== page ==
Police officers train in Tampa for RNC bike patrol
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03/21/12 Janelle Irwin
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Instructors spot police officers as they practice riding bikes up the stairs behind the Straz Center.


photo by Janelle Irwin

The Tampa Police Department will be purchasing 200 bicycles costing nearly $1,600 each for use during the Republican National Convention in August. This week, officers from five law enforcement agencies across the state are being trained on how to safely patrol from a bicycle. Tampa police captain Brian Dugan said there are several reasons why a bicycle patrol program will help with security efforts during a convention that is expected to draw 70,000 visitors.

“When you have that much, when you have traffic – whether it be pedestrian traffic or vehicle traffic – it’s easier to get officers around on bikes. We’re hoping that by officers on bikes they’re a lot more approachable. We’re expecting many visitors- all types of people, walks of life, from all over the world. Our law enforcement officers that are out there on bicycles, we’re hoping that people feel a lot more comfortable approaching officers.”

But bikes might not necessarily soften the image of a 4,000 officer strong police presence. During the 2008 RNC in St. Paul, officers routinely used the bike as a tool to separate themselves from protesters. Kyle Cockream, a Hillsborough County Sheriff’s captain, said that is something officers can do to ensure their own safety.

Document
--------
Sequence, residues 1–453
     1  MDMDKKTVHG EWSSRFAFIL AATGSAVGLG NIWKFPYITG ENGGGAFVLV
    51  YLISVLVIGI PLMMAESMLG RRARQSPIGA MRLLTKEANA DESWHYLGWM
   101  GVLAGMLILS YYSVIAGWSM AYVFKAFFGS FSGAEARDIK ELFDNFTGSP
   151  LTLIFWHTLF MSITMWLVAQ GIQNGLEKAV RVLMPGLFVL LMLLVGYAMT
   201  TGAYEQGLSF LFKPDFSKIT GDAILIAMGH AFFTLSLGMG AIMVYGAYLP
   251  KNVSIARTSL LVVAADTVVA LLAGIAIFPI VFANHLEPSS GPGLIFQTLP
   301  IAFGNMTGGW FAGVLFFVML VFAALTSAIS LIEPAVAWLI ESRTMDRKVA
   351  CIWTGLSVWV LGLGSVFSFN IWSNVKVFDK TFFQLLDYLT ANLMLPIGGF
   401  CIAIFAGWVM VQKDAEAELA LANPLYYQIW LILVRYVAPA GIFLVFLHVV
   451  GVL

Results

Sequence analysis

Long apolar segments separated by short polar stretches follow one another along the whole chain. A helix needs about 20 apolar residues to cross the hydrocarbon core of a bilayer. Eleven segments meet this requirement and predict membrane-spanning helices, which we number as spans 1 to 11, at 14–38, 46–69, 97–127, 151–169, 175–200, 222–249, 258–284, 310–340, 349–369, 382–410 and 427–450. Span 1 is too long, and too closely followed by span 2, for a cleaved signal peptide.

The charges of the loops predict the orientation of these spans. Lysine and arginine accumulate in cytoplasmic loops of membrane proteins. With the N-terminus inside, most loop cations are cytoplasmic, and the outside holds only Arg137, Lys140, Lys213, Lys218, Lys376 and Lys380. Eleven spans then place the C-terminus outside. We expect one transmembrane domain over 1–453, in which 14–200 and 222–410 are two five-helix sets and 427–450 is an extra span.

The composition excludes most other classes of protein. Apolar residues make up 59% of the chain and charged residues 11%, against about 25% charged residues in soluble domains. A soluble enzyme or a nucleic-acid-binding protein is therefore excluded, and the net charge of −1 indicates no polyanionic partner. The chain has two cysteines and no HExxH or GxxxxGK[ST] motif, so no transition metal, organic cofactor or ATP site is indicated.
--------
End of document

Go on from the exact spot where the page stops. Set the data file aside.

“Often times the bike can be used as – no different than a car. If there is a problem, they’ll put the bike between themselves and the problem. Those kind of things. When you’re working with other agencies collectively – you’re working in a group, in a large crowd – you always have safety concerns about staying together and being mindful of the tempo of the crowd. So, it’s not all that unlike what they do everyday.”

But in some instances the bikes weren’t just used as a barrier from encroaching crowds. In online videos from the 2008 RNC protests, some officers can be seen using them to push people away. When asked whether bike patrol officers would be trained to do that, Tampa Police’s Dugan didn’t answer directly.

“The officer’s going to be trained in all different types of aspects. It’s hard to say exactly how they will be used. It’s just going to depend on the situation that these officers are put in.”

The 200 bicycles will be purchased from Safariland – the same company that sells pepper spray and body armor. The purchase will whittle away another $320,000 from the $50 million given to the city by the federal government for security. During their training, officers rode bikes up and down the waterfront stairs behind the Straz Center and learned to drop them to the ground as they dismounted and started to run. Dugan said making bikes durable enough to endure that is why the bikes are expensive.